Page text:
Delivering High Quality Care At A Price Everyone Can Afford: A Case Study

Our country spends more on healthcare than any other developed nation, yet we receive far less compared to others for what we pay. Today, the United States ranks thirty fifth in health outcomes among the 195 nations of the world. When measuring things like infant mortality, maternal mortality, and death under the age of five, the United States ranks well behind all other countries in the Organisation for Economic Co-operation and Development (OECD) and even below Cuba and Slovenia. All that despite spending almost twice as much of our GDP on healthcare as other OECD countries.

Eighteen percent of our GDP goes to health. The amount we spend on healthcare is staggering, in excess of three trillion dollars in 2018 and expected to grow to double that amount by 2027. This far surpasses other discretionary spending, including military spending, infrastructure spending, education spending, and social welfare spending. Profligate spending and poor results. We can do better.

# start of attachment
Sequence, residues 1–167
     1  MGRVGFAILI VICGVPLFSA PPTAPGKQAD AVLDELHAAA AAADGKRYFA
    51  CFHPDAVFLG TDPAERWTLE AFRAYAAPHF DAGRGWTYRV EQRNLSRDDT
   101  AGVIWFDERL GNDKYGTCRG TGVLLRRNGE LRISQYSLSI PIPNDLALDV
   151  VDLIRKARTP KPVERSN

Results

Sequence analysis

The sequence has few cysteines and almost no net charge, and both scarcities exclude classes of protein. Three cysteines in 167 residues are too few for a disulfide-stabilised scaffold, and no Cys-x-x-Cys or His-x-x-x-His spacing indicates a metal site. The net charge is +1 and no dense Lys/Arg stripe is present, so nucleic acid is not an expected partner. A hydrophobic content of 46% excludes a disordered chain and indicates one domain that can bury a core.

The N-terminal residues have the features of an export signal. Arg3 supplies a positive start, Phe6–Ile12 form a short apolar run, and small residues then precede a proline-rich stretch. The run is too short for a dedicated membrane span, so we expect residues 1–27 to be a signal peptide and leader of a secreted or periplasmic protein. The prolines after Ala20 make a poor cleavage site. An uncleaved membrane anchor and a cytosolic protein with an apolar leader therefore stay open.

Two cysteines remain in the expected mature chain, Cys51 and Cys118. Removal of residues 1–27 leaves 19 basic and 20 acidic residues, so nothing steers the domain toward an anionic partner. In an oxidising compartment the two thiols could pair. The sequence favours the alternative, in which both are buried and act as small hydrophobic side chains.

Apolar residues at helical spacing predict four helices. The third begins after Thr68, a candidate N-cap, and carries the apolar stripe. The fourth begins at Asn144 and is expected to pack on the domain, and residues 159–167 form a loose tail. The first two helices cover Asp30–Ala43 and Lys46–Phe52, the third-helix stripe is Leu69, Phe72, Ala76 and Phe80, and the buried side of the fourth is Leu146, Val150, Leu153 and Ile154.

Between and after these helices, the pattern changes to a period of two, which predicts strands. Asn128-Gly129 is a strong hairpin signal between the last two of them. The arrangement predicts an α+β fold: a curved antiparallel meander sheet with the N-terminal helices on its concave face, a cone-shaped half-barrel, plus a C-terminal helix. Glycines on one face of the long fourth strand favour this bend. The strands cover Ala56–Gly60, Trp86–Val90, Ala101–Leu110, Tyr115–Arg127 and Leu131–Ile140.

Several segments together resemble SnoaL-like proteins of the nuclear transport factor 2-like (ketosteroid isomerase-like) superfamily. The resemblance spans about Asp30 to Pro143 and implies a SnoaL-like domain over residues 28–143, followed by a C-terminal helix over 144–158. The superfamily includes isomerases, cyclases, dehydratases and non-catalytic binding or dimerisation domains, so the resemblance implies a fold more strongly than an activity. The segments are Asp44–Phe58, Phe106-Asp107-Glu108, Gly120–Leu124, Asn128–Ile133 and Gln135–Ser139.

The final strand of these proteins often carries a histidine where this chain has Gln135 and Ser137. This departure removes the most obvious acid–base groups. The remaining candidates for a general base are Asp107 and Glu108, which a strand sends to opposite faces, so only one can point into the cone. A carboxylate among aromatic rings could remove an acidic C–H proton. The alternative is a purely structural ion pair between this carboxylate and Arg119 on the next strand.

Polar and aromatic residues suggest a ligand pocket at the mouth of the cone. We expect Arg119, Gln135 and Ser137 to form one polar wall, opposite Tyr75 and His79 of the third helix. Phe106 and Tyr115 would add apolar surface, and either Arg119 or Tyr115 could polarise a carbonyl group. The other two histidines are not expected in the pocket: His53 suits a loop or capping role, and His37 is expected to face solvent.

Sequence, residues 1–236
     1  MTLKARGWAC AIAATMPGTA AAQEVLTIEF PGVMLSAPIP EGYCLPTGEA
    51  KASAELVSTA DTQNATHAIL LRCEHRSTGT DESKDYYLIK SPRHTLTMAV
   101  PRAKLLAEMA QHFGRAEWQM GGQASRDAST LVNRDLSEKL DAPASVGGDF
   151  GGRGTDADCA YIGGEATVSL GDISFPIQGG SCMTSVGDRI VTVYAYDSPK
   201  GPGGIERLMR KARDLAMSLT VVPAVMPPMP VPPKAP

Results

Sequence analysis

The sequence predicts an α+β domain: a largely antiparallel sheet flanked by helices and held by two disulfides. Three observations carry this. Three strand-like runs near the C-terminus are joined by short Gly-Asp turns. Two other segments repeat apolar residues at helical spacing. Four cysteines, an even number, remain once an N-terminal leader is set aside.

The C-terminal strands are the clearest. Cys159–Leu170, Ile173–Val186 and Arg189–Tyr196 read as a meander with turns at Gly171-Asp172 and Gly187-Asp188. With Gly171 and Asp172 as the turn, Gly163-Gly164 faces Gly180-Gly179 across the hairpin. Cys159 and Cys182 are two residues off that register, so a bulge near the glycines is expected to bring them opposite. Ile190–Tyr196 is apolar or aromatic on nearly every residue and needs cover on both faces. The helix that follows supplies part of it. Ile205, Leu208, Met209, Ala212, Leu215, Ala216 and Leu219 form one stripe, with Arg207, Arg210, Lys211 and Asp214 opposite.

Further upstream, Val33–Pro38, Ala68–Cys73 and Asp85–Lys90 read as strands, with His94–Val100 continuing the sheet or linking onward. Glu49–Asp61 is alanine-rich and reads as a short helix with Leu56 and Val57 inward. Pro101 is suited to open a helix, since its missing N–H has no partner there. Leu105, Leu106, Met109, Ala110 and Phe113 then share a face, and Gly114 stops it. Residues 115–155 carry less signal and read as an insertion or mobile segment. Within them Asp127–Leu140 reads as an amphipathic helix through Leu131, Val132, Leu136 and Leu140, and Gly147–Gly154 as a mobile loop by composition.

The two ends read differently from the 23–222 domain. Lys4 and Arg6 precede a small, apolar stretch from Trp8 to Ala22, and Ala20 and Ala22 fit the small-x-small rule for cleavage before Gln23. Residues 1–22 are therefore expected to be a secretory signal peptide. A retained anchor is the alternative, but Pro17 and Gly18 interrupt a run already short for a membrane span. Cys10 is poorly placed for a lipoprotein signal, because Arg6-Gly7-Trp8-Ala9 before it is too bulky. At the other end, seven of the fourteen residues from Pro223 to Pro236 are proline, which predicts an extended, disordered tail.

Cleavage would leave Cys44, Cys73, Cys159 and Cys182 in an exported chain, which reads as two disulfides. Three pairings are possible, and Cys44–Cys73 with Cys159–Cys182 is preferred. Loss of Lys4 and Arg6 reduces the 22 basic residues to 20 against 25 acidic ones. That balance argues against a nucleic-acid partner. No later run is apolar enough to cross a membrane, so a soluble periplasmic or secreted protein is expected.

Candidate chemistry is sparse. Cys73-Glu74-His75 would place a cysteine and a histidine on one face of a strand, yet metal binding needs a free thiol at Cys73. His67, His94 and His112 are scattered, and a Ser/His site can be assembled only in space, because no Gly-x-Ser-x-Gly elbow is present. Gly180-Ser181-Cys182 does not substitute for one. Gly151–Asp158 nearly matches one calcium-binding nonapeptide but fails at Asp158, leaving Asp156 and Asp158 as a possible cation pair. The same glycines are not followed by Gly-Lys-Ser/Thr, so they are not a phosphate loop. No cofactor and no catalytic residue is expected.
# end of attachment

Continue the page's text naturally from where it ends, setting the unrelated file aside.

So much of the healthcare debate today centers on how we pay for healthcare services – private insurance, employer sponsored insurance, federal and state payments, single payer systems, or out-of-pocket payments. Too little of our public discourse addresses the concerns of most people: What do we get for what we pay? Does the treatment we receive actually provide the remedy to what ails us? Can we manage the long term consequences of disease? Are our treatments safe or do they expose us to new danger, particularly hospital acquired infections? Is the service patient friendly and convenient? And, yes, is it affordable?

The providers of healthcare services, not the payers, must ultimately answer these questions. It is the providers, hospitals, outpatient facilities, nursing homes, clinics, and home care services that must address the fundamental questions of healthcare outcomes, their safety, convenience, and patient-centeredness. Regulations and payment regimes may guide, but do not determine provider behavior.

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Originally Published on Forbes (August 2, 2019)

© William A. Haseltine, PhD. All Rights Reserved.